for the most part bicycles, i think, are ridden a few times then parked in a convienent place and left to age for decades until disposed of by those who inherit them. so buying cheap is not a bad idea. saves money for most of those who buy them. (my brother-in-law just layed down a bunch for a "nice" bike, he won't buy anything else, he's ridden it once or twice and i KNOW it will sit in the garage until i attend his funeral after which time my sister will sell it for a pittance at a garage sale.)

    but those who have experience and know that their interest is long term are right in spending a bundle.

    so when inexperienced, buy cheap. if you like it, throw the cheap one away, and buy something better, if you still like cycling in a few years, invest in something that will last you a lifetime...

  4. #4
    Senior Member DVC45's Avatar
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    Also, consider that most Big Box Store bikes are assymbled poorly. If you can go through every aspect of the bike's mechanical function and can asure yourself the bike is safe, then go buy BBS bikes. If not, go with LBS bikes. It costs more, but you can be almost certain that the bike was assymbled properly.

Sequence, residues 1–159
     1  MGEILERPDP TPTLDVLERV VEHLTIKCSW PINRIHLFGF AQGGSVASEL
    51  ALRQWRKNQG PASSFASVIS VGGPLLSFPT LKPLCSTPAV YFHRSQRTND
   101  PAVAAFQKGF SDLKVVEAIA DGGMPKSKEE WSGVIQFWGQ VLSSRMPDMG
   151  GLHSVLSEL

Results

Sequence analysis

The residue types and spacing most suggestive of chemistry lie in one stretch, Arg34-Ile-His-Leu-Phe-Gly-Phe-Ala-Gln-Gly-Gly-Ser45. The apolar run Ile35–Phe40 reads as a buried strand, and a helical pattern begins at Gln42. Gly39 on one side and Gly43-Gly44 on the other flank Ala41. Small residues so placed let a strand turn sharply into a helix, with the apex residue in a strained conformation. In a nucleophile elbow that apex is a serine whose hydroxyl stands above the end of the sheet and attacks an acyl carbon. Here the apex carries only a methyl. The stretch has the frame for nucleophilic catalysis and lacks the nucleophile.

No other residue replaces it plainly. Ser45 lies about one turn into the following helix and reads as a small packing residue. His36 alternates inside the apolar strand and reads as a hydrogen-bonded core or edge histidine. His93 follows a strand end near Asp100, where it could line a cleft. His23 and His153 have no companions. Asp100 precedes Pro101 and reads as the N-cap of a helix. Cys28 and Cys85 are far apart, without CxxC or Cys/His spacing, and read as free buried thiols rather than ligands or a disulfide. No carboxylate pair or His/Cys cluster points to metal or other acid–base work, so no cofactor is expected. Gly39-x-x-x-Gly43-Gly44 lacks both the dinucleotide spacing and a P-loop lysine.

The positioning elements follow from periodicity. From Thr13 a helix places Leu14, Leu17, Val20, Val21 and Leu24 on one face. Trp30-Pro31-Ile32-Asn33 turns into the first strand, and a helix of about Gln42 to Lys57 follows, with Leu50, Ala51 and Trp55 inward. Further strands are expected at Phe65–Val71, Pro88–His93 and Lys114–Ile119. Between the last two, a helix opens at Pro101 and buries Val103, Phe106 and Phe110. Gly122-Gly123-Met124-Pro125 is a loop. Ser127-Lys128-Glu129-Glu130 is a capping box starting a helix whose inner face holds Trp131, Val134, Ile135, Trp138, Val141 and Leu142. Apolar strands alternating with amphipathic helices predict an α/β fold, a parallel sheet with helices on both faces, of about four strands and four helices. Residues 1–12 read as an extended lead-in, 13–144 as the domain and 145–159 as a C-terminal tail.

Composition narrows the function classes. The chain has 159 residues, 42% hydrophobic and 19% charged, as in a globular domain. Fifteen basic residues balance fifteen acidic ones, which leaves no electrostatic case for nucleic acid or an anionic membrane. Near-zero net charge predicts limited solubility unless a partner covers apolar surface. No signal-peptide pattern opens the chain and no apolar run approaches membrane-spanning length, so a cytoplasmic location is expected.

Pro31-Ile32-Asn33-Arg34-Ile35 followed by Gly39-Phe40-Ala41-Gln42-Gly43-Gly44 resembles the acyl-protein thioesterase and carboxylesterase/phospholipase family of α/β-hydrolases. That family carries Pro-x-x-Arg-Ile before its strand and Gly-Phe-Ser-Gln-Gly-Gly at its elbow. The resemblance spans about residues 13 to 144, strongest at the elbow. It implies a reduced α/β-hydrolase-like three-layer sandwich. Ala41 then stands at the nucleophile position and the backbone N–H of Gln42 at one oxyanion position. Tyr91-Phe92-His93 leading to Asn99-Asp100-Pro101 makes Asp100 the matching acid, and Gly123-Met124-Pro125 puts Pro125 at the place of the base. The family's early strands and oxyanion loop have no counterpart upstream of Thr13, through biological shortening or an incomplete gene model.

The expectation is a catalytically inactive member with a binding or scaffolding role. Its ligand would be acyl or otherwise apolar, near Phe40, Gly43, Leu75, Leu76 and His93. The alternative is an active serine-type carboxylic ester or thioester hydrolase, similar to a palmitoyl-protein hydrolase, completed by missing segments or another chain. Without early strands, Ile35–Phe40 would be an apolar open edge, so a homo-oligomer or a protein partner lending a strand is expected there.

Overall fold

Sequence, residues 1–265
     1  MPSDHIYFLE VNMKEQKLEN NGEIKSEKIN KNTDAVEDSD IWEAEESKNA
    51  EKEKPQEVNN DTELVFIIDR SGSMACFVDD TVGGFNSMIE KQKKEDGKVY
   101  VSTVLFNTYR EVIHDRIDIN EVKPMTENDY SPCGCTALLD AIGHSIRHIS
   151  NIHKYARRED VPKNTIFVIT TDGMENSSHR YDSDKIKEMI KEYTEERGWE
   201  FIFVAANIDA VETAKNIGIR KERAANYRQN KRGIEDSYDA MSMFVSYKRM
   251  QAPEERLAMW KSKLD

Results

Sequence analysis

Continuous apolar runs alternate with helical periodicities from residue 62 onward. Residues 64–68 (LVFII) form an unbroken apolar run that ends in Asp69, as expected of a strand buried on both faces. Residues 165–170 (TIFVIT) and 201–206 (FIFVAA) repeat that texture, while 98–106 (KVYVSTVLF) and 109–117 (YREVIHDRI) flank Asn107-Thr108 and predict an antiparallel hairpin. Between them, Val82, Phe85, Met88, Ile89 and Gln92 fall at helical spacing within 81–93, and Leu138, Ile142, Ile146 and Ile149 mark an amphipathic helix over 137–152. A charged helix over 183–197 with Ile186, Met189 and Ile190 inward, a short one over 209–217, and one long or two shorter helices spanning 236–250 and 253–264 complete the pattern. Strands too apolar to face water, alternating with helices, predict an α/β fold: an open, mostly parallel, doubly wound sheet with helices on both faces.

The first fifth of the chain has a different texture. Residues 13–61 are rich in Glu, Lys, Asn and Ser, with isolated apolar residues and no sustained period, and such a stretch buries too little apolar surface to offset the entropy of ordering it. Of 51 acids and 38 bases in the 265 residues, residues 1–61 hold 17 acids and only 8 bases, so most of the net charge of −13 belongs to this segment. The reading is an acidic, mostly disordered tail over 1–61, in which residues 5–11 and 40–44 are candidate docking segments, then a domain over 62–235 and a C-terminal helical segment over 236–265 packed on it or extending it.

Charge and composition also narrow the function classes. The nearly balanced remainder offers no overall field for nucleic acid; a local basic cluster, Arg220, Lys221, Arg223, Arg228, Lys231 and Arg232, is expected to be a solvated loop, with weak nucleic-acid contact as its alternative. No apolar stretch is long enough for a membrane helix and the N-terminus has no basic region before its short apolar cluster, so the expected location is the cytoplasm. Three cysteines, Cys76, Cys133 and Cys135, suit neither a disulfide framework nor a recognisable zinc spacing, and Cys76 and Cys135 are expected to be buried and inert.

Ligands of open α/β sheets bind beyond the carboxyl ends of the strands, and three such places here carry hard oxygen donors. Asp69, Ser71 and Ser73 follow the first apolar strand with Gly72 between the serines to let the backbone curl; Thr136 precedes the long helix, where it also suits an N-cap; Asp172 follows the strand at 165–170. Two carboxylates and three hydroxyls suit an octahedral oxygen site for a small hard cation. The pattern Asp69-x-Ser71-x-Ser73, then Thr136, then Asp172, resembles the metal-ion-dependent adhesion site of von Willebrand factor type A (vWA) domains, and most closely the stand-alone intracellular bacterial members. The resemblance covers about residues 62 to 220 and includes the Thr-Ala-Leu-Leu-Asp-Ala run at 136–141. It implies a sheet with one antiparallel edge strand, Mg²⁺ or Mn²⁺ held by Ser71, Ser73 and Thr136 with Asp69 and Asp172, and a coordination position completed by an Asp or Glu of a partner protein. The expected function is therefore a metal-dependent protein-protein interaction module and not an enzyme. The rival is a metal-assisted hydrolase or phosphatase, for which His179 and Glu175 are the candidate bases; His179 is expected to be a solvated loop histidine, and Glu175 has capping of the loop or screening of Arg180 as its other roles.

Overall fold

I agree, you don't have to spend $1000 for a decent commuter bike.
    "Cycling is for pleasure not penance"

  5. #5
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    Most Big Box Bike Store bikes have great frames and inferior components, that are poorly installed. If you have excellent mechanical skills with bikes, it shouldn't bother you to upgrade, as soon as you make your purchase.
    Last edited by SlimRider; 02-17-12 at 05:31 AM.

  6. #6
    Senior Member Bill Kapaun's Avatar
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    I flip bikes on CL to earn a couple extra $ to supplement my meager retirement income.

    Some of the cheap bikes simply CAN'T be made to operate properly.

    I can get them to shift as well as they ever will and they still won't hit the correct gear shifting in one or both directions.
    I've yet to see one with what I feel is an adequate amount of grease in the wheel bearings.
    One piece cranks have pressed in bearing races. Basically non replaceable for any reasonable amount of $, if at all.